One senses that an opportunity to improve Arab-US relations is being sacrificed at the altar of political/religious correctness, where mirth goes to have its throat slit like a halal chicken. Laughter may or may not be medicine (myself, I'd give the nod to a course of Tamiflu over a fit of the giggles at the minute). But an uncensored Simpsons might prove a palliative, if not a cure, to the loathing and distrust of the US that reaches its zenith in the Middle East.

Hitler strongly disapproved of Jewish jokes, he wrote in Mein Kampf, on the grounds that people find it tough to hate that which makes them laugh. Difficult as it is to see the Führer as a proto-professor of comedy, he was absolutely right. Nothing is a more effective antidote to the feelings so many of us have reluctantly developed towards the US than watching it satirise itself, in all its unique world-within-a-world complexity, through the mouths of The Simpsons.

The addiction to instant gratification, the generosity of spirit, the cruelty, the tolerance, the intolerance, the cloyingly fake religiosity, the genuine churchiness, the gun culture, the dangers of unfettered free market capitalism, the imperial arrogance, the underlying insecurity, the warmth and good humour, and every characteristic of the country and its people are teased almost to death, but with transparent affection, by some of the planet's most gifted comic writers.

Whether the vision of Monty Burns's appallingly unsafe nuclear power plant will put the Iranians off developing their own seems unlikely, and you doubt that Springfield's local democracy in action will single-handedly persuade the House of Saud to pack up and flee en masse to the Swiss Alps. Yet if the Arab broadcaster had the wit to trust its viewers to cope with characters boozing and eating pork, and to do no more than translate the original scripts into Arabic, one suspects that the realisation that Americans feel every bit as confused about America as the rest of us might do a little good.

Merely knowing that America's best-loved programme is as savage, in its way, about its President as the most outspoken Arab critic - in one recent episode Homer predicts that "the next military quagmire will either be in Iran or North Korea thanks to General Cuckoo Bananas in charge" - might be some vague reassurance that such ideas are too literally laughable to come to fruition. Hearing 43 referred to as "stupid monkey face" in an American accent may suggest that there is more in common between the US and the world beyond than the inhabitants of Qatar and Jordan imagine.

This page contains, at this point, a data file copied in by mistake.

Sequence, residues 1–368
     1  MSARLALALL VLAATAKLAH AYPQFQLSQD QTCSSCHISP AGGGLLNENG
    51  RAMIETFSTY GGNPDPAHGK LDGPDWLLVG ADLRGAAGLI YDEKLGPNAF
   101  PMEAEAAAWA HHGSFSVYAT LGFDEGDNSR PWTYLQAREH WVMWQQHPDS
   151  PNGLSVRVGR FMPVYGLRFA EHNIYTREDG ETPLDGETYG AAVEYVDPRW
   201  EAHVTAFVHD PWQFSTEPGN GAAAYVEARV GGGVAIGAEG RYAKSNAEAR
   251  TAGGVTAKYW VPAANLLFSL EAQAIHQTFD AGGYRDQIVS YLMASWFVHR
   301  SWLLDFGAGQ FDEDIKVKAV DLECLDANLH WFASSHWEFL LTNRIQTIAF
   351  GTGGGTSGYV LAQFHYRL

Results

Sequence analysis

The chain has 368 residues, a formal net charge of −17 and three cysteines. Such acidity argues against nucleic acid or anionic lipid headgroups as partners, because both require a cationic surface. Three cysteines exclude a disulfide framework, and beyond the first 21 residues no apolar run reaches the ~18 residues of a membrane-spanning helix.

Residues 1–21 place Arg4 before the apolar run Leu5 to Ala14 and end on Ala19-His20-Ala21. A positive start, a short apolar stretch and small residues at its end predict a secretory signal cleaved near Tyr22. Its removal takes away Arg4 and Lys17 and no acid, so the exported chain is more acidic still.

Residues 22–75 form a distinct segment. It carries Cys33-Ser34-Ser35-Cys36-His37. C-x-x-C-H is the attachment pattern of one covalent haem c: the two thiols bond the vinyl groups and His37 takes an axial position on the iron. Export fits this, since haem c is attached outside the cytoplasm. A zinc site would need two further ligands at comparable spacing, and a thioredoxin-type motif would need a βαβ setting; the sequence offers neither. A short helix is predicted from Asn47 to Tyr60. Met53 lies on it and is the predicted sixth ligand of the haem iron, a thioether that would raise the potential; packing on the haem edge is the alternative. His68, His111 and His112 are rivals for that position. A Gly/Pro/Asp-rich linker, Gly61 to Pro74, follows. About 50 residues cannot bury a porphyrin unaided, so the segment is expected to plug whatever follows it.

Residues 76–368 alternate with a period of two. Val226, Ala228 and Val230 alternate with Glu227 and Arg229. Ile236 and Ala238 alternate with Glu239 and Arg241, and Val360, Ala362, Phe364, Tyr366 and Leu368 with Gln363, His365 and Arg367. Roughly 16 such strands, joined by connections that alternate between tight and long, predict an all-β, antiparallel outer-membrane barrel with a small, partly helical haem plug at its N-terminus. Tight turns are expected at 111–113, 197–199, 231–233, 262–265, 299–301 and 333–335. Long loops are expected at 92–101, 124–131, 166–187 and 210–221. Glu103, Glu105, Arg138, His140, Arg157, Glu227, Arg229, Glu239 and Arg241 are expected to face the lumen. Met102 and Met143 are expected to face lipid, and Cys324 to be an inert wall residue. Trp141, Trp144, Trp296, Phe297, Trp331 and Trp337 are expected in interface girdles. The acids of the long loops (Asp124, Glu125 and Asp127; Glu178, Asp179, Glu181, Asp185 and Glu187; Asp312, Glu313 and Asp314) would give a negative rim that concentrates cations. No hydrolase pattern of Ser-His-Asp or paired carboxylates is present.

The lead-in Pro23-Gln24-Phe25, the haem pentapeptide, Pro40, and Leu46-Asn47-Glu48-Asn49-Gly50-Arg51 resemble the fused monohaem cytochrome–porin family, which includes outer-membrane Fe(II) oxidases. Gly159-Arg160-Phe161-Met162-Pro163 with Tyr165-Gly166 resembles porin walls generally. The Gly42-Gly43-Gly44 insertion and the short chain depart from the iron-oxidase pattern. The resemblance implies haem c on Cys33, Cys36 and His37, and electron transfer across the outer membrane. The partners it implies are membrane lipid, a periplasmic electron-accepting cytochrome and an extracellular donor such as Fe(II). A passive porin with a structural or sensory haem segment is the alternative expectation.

One could overdo the notion that a shared sense of satirical pleasure will bring ideologically riven nations together for one giant pan-global Woodstock, of course, but the subliminal message that the citizens of Springfield and Cairo are divided by less than they presume wouldn't be such a terrible thing.

It will doubtless be a while before President Assad, the son of a presidential father, screams with mirth at the ribbing of his equivalent, or slaps his head at some imbecilic mistake concerning the torture of an Italian citizen kidnapped by the CIA and flown to Damascus on an executive jet to have his tongue loosened, and yelps "D'oh!" President Murabak, should he tire of the Blairs' semi-freebie holidays on the Egyptian coast, may never invite our PM - himself a guest star on the show (worst performance since he read the lesson at Diana's funeral) - to eat his shorts. It could even be that the Simpsons, in all their unbowdlerised genius, simply won't catch on in the Arab world. But that's no reason not to give them every chance, and no excuse for daring to tamper with perfection.